Comics for Modern Students. Where to Start

Comics have existed for almost 100 years now. The first ones were just witty newspapers with comic strips that created a lot of techniques that became traditional in the comic world. And nowadays, the universes that come out of these books are shown in multi-million blockbusters that become one of the most famous movies ever.

But that’s where most people stop. The movies and TV series are enough for them. A lot of students hesitate to get into comics because they think it would take a lot of time to read all the issues, and research all the events and characters to understand the story. That’s because modern students are under such high pressure that they barely have enough time to sleep.

Don’t worry, though, there’s a pretty simple solution for this issue. Today, in the age of the internet, getting external help for any of your needs is as easy as ever. You can find people to help you learn subjects, solve math problems, or help you with writing essays. Speaking of which, the best place where you can get online homework help is WritePaper. They are true professionals who will be glad to provide you with top-level writing any time of the day.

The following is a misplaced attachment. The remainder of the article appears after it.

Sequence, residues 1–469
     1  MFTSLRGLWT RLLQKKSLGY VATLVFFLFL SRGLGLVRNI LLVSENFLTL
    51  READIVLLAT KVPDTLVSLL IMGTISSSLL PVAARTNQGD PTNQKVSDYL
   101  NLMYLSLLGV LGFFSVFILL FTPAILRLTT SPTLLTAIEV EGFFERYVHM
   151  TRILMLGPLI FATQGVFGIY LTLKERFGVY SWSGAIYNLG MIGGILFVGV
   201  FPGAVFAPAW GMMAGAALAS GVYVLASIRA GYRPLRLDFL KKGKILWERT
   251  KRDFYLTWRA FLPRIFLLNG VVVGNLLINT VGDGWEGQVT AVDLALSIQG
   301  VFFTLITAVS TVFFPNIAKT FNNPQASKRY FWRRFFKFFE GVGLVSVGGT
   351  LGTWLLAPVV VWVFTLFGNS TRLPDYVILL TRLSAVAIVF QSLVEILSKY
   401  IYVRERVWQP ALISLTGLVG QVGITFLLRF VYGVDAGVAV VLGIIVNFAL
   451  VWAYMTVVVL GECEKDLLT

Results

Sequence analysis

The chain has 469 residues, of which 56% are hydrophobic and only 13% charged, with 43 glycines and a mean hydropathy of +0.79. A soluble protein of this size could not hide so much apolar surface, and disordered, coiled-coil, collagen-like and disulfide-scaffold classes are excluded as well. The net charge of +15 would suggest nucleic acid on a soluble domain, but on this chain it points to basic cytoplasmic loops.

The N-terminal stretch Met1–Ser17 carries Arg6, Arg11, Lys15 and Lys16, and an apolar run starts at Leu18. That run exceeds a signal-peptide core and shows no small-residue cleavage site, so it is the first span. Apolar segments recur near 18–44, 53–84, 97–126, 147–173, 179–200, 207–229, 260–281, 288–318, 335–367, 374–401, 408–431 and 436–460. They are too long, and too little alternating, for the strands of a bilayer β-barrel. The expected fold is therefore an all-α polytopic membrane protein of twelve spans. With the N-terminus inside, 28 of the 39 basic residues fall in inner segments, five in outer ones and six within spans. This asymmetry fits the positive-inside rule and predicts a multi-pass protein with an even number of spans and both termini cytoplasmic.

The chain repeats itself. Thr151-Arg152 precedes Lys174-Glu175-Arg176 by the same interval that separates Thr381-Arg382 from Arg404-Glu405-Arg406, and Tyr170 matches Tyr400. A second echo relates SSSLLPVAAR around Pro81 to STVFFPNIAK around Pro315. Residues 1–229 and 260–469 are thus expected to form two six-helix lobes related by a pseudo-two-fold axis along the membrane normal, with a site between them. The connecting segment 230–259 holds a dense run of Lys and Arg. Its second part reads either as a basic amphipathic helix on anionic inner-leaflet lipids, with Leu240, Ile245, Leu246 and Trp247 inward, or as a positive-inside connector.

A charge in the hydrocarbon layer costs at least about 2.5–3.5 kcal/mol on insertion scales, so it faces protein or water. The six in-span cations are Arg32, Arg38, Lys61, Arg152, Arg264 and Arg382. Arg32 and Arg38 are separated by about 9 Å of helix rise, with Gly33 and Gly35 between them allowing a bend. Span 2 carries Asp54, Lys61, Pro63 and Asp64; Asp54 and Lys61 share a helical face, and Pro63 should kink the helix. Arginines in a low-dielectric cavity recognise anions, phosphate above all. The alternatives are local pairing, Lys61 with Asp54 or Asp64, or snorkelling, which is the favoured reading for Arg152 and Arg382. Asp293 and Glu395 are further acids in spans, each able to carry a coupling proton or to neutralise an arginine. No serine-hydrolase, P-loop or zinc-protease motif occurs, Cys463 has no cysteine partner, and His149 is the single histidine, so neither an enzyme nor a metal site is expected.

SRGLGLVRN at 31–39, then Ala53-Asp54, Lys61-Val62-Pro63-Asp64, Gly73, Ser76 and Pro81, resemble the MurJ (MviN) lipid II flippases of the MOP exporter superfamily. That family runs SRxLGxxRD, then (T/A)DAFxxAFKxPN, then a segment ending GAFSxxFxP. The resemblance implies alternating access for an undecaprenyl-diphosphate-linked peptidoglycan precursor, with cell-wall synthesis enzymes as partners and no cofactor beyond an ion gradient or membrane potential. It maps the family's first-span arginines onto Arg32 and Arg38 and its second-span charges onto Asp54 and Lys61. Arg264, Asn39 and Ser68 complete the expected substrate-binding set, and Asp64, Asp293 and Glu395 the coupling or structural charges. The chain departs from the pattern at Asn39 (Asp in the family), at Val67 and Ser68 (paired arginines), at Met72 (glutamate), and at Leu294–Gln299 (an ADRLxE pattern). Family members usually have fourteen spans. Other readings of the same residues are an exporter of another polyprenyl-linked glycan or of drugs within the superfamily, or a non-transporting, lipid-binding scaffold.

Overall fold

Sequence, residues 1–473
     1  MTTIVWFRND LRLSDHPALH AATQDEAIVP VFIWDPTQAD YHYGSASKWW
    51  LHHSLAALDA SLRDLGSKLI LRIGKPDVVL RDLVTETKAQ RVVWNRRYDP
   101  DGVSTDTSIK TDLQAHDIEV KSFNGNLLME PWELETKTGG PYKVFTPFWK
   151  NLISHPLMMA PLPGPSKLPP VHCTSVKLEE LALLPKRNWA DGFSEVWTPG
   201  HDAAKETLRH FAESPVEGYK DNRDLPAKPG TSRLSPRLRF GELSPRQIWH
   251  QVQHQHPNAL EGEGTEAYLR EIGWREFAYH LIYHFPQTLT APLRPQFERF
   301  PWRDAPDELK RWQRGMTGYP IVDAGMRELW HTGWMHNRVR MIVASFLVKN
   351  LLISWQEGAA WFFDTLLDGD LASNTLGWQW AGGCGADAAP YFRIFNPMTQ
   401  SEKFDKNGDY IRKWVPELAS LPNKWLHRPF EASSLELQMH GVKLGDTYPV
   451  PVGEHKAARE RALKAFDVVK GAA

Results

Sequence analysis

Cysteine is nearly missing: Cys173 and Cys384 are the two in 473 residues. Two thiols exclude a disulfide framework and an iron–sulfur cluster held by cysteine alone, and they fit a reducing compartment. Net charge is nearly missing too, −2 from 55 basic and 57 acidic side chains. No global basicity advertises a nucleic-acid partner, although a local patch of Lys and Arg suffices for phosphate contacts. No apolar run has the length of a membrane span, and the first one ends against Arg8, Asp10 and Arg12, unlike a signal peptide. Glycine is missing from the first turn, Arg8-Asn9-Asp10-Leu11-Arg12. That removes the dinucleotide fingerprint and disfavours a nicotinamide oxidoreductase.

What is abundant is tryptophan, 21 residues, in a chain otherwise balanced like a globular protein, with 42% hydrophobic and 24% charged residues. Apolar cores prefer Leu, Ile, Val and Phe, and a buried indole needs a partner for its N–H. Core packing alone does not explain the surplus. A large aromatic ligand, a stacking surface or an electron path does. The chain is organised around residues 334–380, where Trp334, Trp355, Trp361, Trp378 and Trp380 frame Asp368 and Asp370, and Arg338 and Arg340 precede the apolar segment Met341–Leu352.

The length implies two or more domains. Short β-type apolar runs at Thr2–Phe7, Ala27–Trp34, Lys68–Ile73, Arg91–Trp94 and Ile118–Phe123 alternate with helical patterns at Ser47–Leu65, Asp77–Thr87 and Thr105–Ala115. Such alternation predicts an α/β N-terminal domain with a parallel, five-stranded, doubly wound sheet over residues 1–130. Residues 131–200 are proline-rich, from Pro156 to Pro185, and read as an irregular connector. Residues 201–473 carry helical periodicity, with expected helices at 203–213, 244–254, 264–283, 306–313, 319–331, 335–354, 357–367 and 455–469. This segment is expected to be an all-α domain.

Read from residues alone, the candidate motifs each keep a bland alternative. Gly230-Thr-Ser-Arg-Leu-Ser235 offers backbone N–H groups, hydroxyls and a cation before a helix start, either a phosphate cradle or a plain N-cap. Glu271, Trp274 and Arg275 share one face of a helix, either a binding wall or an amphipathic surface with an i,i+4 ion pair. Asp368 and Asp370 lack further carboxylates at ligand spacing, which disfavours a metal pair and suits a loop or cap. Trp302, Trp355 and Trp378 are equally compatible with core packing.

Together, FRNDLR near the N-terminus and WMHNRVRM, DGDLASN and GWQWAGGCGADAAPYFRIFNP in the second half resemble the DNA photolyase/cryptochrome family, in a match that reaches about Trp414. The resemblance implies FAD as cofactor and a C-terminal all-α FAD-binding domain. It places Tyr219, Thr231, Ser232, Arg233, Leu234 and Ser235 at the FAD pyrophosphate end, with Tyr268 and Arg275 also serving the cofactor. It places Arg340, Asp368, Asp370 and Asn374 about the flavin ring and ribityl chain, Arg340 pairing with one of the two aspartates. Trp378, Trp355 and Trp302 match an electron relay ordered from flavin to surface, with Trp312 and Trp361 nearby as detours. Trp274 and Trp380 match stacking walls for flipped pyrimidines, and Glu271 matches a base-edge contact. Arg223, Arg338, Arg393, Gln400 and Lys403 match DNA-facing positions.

Just remember that overworking is never good for both your mental and physical health. So, use this opportunity to get some chores off you, relax, and read some comics. Here’s a guide for you on where to start.



Universes are exactly what you think they are. They’re imaginary worlds, created by authors, where all the events happen. Sometimes, these worlds are created from the beginning, explained to readers, and slowly filled with different characters. But in some cases, characters have separate comics with little description of the world. And only after some time, the author reveals that it’s the same world and explains the universe’s lore and how all these characters interact.

Most experienced readers would recommend newcomers to choose one particular universe and start with it. This is to reduce the potential confusion which happens when you read about many different worlds at once. This way, you’ll get into a comic series much faster, will relate to characters better, and will have a better experience overall.

However, it’s not a strict law, so you can start with all of them at once. Just try to remember which personalities and events come from which series, otherwise nothing will make sense to you. Also, if you want to read many series at once, you better choose the ones of the different genres or that have different stylistics. 

Here’s a list of the most known universes:

  • Marvel Multiverse
  • DC Multiverse
  • Hellboy Multiverse 
  • Teenage Mutant Ninja Turtles Multiverse
  • Dredd’s World
  • The Boys Multiverse
  • Black Hammer Multiverse
  • Hasbro Multiverse (Transformers)

Also, note that many stories don’t “officially” have their own universe, while still having lore of the world and happening in fantasy of fantastic places. 

What Issue to Start With?